Secret of healthy trees is in the preparation

editorial image
Have your say

Now? Or later? Forget about Hamlet and his bee or wasp or whatever, that is the question – whether to plant trees and shrubs now, in autumn, or wait until next spring. I favour the here and now when the soil is still warm enough to encourage new root growth before winter bites, and freshly-planted trees and shrubs will not be bothering to grow new foliage – all their energy can go into what’s going on below ground.

But with the best will in the world, and the best planting conditions, things can – and do – go wrong. And the biggest cause of failure in this area is poor soil and site preparation

If the hole isn’t big enough, or the soil isn’t rich enough, or the support stake’s not sturdy enough, and the gardener’s not savvy enough to know when to water, when not to water, when to firm down the soil around those growing roots, and when to leave well alone, then there’s every likelihood that the chosen plant will fail to thrive. But that is not all that can go wrong.

The other things which can turn a triumph of expectation into a disaster include:

Planting the wrong tree in the wrong spot (soil too dry, too waterlogged, site too shady, too exposed, too sunny).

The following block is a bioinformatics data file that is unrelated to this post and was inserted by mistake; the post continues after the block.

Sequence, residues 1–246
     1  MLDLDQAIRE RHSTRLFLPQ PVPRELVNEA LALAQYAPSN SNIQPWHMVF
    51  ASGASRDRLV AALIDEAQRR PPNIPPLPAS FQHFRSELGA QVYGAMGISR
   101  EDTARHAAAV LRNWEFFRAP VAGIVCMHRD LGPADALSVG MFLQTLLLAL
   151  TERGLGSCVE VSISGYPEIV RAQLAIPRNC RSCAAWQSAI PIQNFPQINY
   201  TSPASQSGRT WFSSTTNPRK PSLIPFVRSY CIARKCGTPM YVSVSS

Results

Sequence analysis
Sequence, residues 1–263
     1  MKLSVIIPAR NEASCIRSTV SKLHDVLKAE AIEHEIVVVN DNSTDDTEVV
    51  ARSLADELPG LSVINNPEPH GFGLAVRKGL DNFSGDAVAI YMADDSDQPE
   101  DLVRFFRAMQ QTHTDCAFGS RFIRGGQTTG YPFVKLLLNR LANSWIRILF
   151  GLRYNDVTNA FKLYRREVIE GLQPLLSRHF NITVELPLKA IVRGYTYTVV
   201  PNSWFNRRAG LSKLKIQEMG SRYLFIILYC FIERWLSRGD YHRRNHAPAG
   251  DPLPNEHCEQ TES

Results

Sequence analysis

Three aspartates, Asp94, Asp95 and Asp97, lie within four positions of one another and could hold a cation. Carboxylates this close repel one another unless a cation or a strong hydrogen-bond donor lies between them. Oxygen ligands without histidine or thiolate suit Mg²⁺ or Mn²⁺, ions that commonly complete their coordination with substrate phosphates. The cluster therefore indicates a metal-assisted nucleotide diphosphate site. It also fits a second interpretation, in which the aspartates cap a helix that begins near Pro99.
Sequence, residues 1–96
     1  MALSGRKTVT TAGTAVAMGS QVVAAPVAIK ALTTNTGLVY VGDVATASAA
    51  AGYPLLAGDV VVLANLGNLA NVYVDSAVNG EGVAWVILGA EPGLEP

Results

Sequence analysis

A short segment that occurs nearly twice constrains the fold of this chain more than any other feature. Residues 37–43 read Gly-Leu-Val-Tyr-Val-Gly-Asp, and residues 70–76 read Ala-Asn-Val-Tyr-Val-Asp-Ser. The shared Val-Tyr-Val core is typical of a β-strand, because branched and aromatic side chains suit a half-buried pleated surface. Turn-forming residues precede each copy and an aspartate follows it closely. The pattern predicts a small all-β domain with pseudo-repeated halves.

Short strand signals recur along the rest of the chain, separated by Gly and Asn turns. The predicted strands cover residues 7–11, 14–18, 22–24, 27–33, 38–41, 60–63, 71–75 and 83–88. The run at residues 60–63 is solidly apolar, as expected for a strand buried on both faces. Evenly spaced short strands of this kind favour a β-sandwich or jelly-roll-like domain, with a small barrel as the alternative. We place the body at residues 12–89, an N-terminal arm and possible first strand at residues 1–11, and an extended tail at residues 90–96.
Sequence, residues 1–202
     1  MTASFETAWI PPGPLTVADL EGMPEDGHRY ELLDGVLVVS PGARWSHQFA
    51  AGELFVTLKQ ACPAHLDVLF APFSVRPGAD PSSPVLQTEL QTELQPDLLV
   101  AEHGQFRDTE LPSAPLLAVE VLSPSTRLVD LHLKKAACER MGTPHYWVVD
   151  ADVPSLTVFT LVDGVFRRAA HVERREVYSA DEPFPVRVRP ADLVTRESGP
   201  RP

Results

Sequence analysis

Failing to break up the compacted rootball when the plant first arrives so, eventually, the roots continue to grow in a circle and the tree never gets an anchor in its new home.

And bear in mind that a tree which is struggling is more prone to fall victim to diseases and pests.

Just as a dog is for more than just for Christmas, so a shrub, and especially a tree, is for more than just a year or two; sometimes it’s for a lifetime or two or even more. So pay attention to detail. Get the preparation right, get the aftercare right, and there should be more smiles than tears.

Occasionally, no matter how much preparation and how much TLC the gardener lavishes, the tree or shrub will fail to thrive. That’s just a fact of life and you have to accept it. And try again.